“NL has changed quite a bit. Now, there’s so much information easily available. It seems that Bettina always has a webinar that is covering exactly what I’m curious about.
The other amazing evolution is how easy it is to schedule a consultation with a trainer. If I’m stuck on a problem with one of the horses, I can just send them a video and the trainers will analyze the problem and help me fix it.”
Has NL opened any doors for you?
“Natural Lifemanship gives us a LOT of credibility for grants. It shows that we are trained in trauma work and know what we’re doing. I know it means a lot to the people that award us grants that we continue to do the ongoing training that NL offers.”
Has it connected you to other practitioners?
“I’ve met the best people through NL. We all have a common bond of wanting to help horses and people. I feel like they’re my extended family.”
Has your access to NL improved your work with clients?
“It’s invaluable. I’ve learned more through NL than I have anyone else. They’ve given me the tools that I need to coach my clients and help them reach the next level of their healing journey.”
What advice would you give to someone considering NL membership?
“Don’t dip your toes, just dive in full force. NL has all the tools you will need to move forward in your life and for your clients. It’s a great way of life, and I think it’s the best way of life. I really am so grateful for NL.”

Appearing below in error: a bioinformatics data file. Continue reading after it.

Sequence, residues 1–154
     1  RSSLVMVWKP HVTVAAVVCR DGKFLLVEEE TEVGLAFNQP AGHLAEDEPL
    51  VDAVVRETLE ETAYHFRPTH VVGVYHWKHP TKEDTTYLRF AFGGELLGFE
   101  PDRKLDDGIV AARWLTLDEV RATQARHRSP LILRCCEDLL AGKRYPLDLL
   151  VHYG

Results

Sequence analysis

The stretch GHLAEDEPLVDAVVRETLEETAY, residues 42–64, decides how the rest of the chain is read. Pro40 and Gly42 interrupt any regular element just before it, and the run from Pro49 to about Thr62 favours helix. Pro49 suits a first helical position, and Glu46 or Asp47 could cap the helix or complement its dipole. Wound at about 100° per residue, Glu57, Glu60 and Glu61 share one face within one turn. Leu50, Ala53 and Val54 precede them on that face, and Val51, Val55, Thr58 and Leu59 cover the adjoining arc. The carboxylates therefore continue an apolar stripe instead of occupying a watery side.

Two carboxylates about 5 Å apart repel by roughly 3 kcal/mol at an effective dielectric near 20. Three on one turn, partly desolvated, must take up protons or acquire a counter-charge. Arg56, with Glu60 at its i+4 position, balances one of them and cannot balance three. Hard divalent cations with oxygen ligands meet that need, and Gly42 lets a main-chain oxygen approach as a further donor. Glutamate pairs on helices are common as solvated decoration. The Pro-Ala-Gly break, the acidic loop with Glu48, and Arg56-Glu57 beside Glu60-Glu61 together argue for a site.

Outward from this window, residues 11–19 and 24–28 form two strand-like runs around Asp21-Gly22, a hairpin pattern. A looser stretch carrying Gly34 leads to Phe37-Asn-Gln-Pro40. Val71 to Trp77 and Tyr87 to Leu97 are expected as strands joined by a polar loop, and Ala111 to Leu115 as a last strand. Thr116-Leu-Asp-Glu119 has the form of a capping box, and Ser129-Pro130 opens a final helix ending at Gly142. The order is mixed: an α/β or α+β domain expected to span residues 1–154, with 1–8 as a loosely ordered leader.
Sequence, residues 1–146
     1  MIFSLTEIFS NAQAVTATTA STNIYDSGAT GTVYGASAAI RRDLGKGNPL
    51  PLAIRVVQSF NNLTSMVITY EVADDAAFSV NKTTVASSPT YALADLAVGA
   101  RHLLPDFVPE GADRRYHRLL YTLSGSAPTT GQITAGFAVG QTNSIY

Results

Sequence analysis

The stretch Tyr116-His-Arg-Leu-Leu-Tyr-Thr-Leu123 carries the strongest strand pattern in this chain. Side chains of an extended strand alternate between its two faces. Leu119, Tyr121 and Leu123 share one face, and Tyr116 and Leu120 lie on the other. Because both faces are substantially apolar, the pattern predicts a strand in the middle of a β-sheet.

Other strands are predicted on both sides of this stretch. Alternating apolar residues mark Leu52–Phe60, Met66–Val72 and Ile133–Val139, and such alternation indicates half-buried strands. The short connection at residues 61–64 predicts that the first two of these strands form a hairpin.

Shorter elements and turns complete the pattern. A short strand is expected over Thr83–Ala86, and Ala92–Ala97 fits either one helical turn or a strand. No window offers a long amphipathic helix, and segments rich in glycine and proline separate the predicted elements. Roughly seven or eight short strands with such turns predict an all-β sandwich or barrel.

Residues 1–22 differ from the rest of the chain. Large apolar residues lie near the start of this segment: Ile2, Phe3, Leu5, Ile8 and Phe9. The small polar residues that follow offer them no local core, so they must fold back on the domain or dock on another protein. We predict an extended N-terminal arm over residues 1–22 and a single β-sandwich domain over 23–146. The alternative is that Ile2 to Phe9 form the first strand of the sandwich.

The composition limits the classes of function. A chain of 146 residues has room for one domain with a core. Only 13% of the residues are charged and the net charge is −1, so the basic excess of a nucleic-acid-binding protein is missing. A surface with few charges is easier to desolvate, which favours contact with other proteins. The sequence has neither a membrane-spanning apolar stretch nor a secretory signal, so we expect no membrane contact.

We’re so grateful to have Sue as a member of the NL community. She serves as an unbelievable role model to all those around her and we’re excited to see her and Barnabas continue to grow.
If you are interested in joining our membership community, we would love to welcome you! Learn more at www.naturallifemanship.com/memberships.
Each month we take a moment to recognize one of our members who’s made an impact in our beloved community.
For this month’s Member Spotlight, we’re focusing on Larry McDaniel, MSW, LCSW, who is the founder and former CEO of Coyote Hill Children’s Home. Larry is a valuable member of our community and uses the Natural Lifemanship approach to assist in his therapy and equine programs.
Learn more about Larry’s career in providing children with secure homes and his journey with Natural Lifemanship.
Keeping Kids Safe
Aware of a serious need for foster homes in Missouri that nurture a loving and safe environment, Larry and his late wife Cathy founded Coyote Hill in 1991. The organization started by caring for one child in a single home and quickly grew from there.
They now have a campus on 300 beautiful acres in central Missouri, called The Hill, that features six large foster family homes and a duplex. This is where they host their Equine Program.
Children are twice as likely to live with their siblings at The Hill compared to traditional foster homes and the organization boasts a 98 percent retention rate with foster families.
Coyote Hill has offices throughout Missouri in Columbia, Jefferson City, Moberly, and Hannibal. They’ve licensed over 200 foster homes in the last three years and provided safe homes to over 1,000 children.
Larry stepped down as the CEO of Coyote Hill a couple of years ago to focus more on the Equine Program.
Larry found Natural Lifemanship while researching ways to improve his Equine Program at Coyote Hill. He had previously trained with other EAP organizations but felt the need for something more.